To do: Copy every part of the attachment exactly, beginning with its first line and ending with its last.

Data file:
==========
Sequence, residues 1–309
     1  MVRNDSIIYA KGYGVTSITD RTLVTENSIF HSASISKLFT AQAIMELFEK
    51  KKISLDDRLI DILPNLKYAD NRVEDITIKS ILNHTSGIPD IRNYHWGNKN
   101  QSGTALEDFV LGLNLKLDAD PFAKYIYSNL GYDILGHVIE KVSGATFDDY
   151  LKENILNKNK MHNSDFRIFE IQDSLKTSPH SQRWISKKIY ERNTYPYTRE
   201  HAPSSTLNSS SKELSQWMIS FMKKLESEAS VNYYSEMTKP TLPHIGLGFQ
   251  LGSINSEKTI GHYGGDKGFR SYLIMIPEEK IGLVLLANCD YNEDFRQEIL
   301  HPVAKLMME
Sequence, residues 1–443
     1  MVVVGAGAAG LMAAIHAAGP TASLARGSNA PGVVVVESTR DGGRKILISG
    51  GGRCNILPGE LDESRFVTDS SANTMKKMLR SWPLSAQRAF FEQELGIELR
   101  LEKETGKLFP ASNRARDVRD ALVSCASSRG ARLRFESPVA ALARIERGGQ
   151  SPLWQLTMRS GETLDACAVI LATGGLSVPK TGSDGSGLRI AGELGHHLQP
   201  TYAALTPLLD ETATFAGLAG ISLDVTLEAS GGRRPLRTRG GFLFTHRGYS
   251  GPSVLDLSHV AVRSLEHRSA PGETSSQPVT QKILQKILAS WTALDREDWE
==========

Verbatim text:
Sequence, residues 1–309
     1  MVRNDSIIYA KGYGVTSITD RTLVTENSIF HSASISKLFT AQAIMELFEK
    51  KKISLDDRLI DILPNLKYAD NRVEDITIKS ILNHTSGIPD IRNYHWGNKN
   101  QSGTALEDFV LGLNLKLDAD PFAKYIYSNL GYDILGHVIE KVSGATFDDY
   151  LKENILNKNK MHNSDFRIFE IQDSLKTSPH SQRWISKKIY ERNTYPYTRE
   201  HAPSSTLNSS SKELSQWMIS FMKKLESEAS VNYYSEMTKP TLPHIGLGFQ
   251  LGSINSEKTI GHYGGDKGFR SYLIMIPEEK IGLVLLANCD YNEDFRQEIL
   301  HPVAKLMME
Sequence, residues 1–443
     1  MVVVGAGAAG LMAAIHAAGP TASLARGSNA PGVVVVESTR DGGRKILISG
    51  GGRCNILPGE LDESRFVTDS SANTMKKMLR SWPLSAQRAF FEQELGIELR
   101  LEKETGKLFP ASNRARDVRD ALVSCASSRG ARLRFESPVA ALARIERGGQ
   151  SPLWQLTMRS GETLDACAVI LATGGLSVPK TGSDGSGLRI AGELGHHLQP
   201  TYAALTPLLD ETATFAGLAG ISLDVTLEAS GGRRPLRTRG GFLFTHRGYS
   251  GPSVLDLSHV AVRSLEHRSA PGETSSQPVT QKILQKILAS WTALDREDWE